Before taking this one out for a shoot, I had to thoroughly clean it as best as I could. It was interesting to find out the battery originally required by this camera was no longer being manufactured because it contained mercury. Luckily, a rather obscure alkaline form of the battery can be obtained from the internet. Without the battery, the camera's shutter fires at its maximum speed of 1/500s, leaving you with only the aperture as a control over exposures. While patiently waiting for my battery, I read only so much, and I started dreading the possibility of the meter on my unit being damaged. Everything, as it turned out, worked like a charm when the battery finally arrived. After heaving the greatest sigh of relief, I took the camera out for some shots, and pictures out of this camera were really beautiful. My first roll had a lot of streaks due to light leaks, and after purchasing a cheap kit online, I performed my first ever camera repair to seal up the camera properly. Although the fix guaranteed better shots, I had a little regret after doing it. Some of the light leaks appeared as a red tint that I found really cool and would not be able to reproduce again.
While shooting with this camera, I found the viewfinder in my unit to be a little dull. It looked great when used in daylight, but you had to squint to find a slight hint of the rangefinder patch indoors. The viewfinder however provides some useful information while shooting. Visible in the rangefinder, are two indicators which are also available on top of the camera. One of these indicators is marked as slow and it lights up to tell you when the aperture you have selected will result in a slow shutter speed that might cause camera shakes. The other one indicator shows up when the image is likely to be over-exposed with blown-out highlights. In either case, the only step you can take will be to adjust the aperture: opening wider when the slow is active will increase the amount of light and, closing when over is active will conversely reduce the light.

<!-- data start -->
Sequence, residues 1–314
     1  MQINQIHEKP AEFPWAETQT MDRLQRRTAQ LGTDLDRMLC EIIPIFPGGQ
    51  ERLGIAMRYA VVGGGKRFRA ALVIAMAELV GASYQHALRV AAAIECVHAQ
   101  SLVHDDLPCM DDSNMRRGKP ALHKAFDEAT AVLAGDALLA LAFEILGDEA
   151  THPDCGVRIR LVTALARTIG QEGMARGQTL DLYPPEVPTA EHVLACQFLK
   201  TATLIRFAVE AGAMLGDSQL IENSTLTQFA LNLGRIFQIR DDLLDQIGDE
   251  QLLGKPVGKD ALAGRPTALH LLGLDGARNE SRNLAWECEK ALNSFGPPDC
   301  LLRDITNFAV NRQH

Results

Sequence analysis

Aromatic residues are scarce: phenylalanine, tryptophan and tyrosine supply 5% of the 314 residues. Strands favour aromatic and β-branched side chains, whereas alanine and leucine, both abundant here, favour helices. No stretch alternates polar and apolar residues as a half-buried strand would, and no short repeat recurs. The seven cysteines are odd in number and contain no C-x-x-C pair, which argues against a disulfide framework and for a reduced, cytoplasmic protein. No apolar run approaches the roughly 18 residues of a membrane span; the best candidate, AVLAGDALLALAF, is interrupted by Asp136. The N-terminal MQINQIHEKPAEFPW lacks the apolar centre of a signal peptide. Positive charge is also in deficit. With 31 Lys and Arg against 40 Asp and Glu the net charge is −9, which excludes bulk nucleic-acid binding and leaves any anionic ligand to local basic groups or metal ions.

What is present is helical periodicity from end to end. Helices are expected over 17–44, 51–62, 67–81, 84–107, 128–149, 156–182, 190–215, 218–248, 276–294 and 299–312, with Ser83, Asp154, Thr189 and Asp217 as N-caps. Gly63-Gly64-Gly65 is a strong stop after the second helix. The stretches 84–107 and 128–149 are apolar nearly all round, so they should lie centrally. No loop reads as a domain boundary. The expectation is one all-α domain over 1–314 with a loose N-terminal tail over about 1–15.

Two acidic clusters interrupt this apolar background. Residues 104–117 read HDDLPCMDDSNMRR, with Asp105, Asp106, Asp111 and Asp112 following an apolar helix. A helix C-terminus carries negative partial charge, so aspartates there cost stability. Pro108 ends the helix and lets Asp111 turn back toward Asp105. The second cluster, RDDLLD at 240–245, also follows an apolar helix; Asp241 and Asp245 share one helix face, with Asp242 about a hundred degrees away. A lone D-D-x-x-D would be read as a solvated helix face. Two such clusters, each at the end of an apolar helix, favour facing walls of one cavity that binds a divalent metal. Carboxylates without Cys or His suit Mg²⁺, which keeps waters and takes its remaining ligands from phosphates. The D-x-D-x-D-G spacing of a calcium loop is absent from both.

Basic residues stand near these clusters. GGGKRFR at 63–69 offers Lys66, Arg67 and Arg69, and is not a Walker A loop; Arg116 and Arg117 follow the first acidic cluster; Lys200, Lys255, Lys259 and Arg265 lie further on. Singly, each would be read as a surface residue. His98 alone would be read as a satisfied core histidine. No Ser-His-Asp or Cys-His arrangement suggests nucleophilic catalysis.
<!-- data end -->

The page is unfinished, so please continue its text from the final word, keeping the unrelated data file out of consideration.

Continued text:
As far as handling goes, the lack of grips makes this camera uncomfortable to hold for extended periods. When hung around the neck, the narrow strap that came with mine camera feels as though it its cutting through my neck. I also had issues with the location of the film speed selector, and how easy it was to push. It may be that this flaw is peculiar to my unit, but with such an easy to push film speed selector at the base lens barrel, I kept adjusting the film speed accidentally while trying to focus or change the aperture.
With all these quirks however, my experience with this camera was definitely great. I learnt a few new things and also formed my own opinions about rangefinders. At least, as far as all I read on the Internet went, this one was truly fun to shoot with, the leaf shutter was relatively silent, and it was a lot less intimidating than I thought it would be. My experience with this was beautiful, and I've been keeping my eyes out for affordable rangefinders ever since. I've come to own a few more rangefinders, and I'll be writing about them soon. My big takeaway from this camera: rangefinders are really not that troublesome, and you can always squeeze some fun out of them if the shutter works.